WORTH REPEATING: Reparations Today, Reparations Tomorrow, Reparations Forever


GAWKER: The latest census figures show that in 2013, the median black household earned just under $35,000, while the median white household earned more than $58,000. The black unemployment rate has been twice as high as the white unemployment rate for the past 50 years. These are not random economic fluctuations. When you enslave people, steal their labor, and then oppress them for countless generations afterwards, the economic effects persist. When considering what sort of reparations are appropriate, it is important to keep in mind that the institution of slavery did not just set back black people—it also greatly enriched white people. It is not just that when slavery ended, black people were starting from farther behind—white people were starting from farther ahead, having reaped enormous profits for hundreds of years by stealing the fruits of black people’s labor. If the public refuses to calculate the cost of slavery on human lives and souls, at least calculate this: money was stolen. Lots of it! Broadly speaking, white Americans today have benefited from a great infusion of wealth that slavery provided to their ancestors, and black Americans have lost out on that wealth to at least the same degree (if not more, given the opportunity cost of all the wealth-building activities that slaves never got the chance to undertake). Just how much of white America’s historic wealth was derived directly from the exploitation of black people? In the 1820s, a full one-fifth of America’s wealth consisted of slaves. In the South, the effect was magnified. “In the seven cotton states, one-third of all white income was derived from slavery,” Coates writes. “By 1840, cotton produced by slave labor constituted 59 percent of the country’s exports.” By 1860, just before the Civil war, “slaves as an asset were worth more than all of America’s manufacturing, all of the railroads, all of the productive capacity of the United States put together.” MORE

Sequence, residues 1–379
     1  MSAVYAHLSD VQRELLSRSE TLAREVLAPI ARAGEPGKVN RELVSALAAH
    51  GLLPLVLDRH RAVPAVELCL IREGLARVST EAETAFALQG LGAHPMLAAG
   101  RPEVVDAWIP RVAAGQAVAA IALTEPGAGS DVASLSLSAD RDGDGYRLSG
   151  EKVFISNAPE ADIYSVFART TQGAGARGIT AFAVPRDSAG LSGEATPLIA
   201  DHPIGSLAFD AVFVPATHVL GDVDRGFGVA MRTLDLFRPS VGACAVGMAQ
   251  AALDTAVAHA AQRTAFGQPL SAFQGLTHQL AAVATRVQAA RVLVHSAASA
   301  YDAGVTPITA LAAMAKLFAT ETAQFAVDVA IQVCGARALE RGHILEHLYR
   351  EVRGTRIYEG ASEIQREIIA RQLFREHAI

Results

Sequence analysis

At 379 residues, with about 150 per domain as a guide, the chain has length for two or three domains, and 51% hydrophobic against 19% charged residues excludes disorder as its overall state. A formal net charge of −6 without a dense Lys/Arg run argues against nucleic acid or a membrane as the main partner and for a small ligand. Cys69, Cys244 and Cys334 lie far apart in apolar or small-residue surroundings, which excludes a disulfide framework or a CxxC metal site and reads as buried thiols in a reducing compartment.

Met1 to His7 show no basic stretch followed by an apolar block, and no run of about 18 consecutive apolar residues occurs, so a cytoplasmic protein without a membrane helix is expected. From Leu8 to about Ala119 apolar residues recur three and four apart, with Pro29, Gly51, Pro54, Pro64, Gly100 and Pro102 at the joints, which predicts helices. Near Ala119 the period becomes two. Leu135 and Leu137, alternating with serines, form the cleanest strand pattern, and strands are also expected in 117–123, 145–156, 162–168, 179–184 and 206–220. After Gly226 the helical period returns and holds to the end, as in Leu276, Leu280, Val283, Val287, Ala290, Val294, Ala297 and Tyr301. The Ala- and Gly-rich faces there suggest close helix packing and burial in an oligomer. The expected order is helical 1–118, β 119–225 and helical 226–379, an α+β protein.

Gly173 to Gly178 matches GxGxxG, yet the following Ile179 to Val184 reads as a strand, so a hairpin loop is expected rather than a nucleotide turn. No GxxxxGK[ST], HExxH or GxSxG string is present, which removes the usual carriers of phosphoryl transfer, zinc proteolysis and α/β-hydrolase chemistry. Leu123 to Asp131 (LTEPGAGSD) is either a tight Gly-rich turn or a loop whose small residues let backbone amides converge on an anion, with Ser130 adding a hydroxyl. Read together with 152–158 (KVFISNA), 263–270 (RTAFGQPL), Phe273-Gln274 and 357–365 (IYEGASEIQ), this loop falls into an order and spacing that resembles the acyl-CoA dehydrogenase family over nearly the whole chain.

RELATED: The Case For Reparations

RELATED: Ta-Nehisi Coates Makes The Case For Reparations @ Penn